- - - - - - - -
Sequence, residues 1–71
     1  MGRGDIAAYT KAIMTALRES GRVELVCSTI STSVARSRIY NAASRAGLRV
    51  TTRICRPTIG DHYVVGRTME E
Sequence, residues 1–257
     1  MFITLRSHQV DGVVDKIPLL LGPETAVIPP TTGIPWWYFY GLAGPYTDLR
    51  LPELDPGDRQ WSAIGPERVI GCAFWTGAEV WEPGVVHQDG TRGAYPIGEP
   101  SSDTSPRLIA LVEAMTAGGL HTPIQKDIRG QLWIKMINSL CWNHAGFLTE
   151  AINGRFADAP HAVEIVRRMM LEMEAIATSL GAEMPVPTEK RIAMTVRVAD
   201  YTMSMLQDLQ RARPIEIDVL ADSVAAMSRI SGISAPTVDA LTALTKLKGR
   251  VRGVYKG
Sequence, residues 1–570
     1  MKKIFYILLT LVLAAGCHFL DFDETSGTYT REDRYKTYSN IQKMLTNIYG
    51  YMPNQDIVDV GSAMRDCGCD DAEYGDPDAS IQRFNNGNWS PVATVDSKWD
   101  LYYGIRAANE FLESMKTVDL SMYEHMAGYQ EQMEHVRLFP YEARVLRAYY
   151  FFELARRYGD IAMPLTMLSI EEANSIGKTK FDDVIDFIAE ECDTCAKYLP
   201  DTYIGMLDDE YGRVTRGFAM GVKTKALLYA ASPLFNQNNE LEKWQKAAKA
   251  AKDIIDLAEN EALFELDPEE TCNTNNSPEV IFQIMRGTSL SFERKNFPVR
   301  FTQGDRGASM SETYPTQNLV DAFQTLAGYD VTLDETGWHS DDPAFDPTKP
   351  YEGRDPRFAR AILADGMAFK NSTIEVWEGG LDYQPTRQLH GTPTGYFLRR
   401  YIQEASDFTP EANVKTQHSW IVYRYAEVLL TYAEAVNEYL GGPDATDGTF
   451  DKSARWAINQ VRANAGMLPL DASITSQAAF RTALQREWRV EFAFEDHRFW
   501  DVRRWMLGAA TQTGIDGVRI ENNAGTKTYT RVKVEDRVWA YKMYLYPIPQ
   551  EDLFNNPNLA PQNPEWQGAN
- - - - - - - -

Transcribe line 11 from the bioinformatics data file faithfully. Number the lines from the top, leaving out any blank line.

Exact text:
Sequence, residues 1–570